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Changes in coping and social motives for drinking and alcohol consumption across the menstrual cycle.

Changes in coping and social motives for drinking and alcohol consumption across the menstrual cycle.
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Joyce KM, Hudson A, O'Connor R, Thompson K, Hodgin M, Perrot T, Stewart SH,


Joyce KM, Hudson A, O'Connor R, Thompson K, Hodgin M, Perrot T, Stewart SH, (click to view)

Joyce KM, Hudson A, O'Connor R, Thompson K, Hodgin M, Perrot T, Stewart SH,

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Depression and anxiety 2017 12 15() doi 10.1002/da.22699
Abstract
BACKGROUND
Alcohol use has been reported to fluctuate over women’s menstrual cycles (MCs), with increased intake occurring premenstrually/menstrually (phases characterized by heightened negative affect) and during the ovulatory phase (a phase characterized by positive affect). This suggests women may drink for particular emotion-focused reasons at specific points in their cycles. However, no research had yet examined MC variability in drinking motives, or links between cycle-related changes in drinking motives and alcohol consumption.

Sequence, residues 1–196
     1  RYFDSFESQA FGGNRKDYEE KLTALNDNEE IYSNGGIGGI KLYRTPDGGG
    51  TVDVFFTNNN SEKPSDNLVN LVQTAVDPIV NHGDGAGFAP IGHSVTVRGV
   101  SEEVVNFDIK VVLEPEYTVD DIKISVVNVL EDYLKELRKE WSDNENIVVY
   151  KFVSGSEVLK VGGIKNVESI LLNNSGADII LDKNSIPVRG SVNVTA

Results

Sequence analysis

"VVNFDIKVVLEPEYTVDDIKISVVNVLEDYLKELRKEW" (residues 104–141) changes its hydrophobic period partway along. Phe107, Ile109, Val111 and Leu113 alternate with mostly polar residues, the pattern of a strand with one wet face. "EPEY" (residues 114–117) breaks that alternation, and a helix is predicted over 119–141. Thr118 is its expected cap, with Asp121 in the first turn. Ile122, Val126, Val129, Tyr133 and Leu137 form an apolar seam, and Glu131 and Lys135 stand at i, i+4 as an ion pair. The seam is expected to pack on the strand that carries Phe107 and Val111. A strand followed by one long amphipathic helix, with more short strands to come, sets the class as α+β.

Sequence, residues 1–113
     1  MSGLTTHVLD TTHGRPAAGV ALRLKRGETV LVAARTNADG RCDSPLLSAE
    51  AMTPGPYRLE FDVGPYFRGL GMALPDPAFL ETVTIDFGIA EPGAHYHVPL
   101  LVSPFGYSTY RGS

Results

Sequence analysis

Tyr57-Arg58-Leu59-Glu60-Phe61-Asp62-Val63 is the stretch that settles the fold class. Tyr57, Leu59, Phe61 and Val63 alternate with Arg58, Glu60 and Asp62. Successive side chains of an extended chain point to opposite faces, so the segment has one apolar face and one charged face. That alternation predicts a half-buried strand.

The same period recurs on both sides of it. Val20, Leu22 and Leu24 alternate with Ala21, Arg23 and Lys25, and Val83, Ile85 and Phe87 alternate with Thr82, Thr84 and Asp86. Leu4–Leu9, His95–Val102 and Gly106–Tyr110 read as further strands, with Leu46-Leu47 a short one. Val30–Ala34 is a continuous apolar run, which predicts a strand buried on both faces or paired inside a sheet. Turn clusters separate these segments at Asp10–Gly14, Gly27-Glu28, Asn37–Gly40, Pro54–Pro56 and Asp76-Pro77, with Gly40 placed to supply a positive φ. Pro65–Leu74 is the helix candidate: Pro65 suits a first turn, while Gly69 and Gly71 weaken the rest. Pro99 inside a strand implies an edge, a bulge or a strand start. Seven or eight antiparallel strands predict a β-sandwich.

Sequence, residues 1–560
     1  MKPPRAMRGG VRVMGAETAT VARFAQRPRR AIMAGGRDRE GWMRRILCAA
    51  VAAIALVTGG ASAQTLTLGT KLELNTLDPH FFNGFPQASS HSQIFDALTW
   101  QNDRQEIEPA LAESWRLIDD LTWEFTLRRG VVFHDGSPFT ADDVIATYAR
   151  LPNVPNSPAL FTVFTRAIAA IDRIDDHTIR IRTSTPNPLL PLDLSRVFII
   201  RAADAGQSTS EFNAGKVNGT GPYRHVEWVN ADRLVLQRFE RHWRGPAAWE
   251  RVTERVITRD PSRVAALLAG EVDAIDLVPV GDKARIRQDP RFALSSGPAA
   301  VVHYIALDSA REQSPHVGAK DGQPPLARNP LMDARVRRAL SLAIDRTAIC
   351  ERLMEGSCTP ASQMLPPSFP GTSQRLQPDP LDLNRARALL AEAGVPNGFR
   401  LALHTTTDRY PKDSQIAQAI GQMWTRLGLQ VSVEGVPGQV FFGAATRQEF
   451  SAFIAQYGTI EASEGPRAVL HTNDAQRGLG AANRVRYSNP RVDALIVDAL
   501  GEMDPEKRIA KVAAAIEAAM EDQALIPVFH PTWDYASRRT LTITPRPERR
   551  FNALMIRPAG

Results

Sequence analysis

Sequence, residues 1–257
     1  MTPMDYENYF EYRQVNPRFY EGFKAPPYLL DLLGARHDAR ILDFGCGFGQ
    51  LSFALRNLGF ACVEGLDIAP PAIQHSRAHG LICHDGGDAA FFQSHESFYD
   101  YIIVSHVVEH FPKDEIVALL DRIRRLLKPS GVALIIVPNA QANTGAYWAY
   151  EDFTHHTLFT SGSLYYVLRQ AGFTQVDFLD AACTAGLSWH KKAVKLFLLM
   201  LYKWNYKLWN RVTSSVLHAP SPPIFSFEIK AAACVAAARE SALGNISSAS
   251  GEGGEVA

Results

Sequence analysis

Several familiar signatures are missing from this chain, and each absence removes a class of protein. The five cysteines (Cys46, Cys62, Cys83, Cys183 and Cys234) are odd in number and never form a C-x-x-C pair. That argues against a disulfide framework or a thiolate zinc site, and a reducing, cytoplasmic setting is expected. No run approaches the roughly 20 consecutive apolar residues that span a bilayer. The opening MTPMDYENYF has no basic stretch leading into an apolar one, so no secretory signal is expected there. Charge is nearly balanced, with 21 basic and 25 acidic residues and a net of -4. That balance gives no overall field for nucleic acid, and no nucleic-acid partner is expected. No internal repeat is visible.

METHODS
Ninety-four normally cycling women (Mage  = 22.9 years old, SDage  = 4.7) completed daily diary measures (via Smartphone surveys), with questions pertaining to state drinking motives and quantity of alcohol consumed for the course of a full MC.

RESULTS
Drinking motives differed by cycle phase. Women reported a slight increase in drinking to self-medicate for negative affect premenstrually, with drinking to cope peaking in the menstrual phase and declining mid-cycle. Women reported a slight increasing trend across the cycle in social motives for drinking, while enhancement motives remained relatively stable across the cycle. Cycle-related changes in drinking motives predicted increases in the quantity of alcohol consumed. Drinking to cope with negative affect predicted a greater number of drinks menstrually (days 1-5). While social motives predicted a greater number of drinks during the follicular and ovulatory phases (days 5-16), enhancement motives were unrelated to drinking quantity across cycle phase.

CONCLUSIONS
Clinicians should be attentive to cycle phase when treating reproductive-aged women with alcohol disorders (e.g., encouraging the use of healthier means of coping with negative affect during menses).

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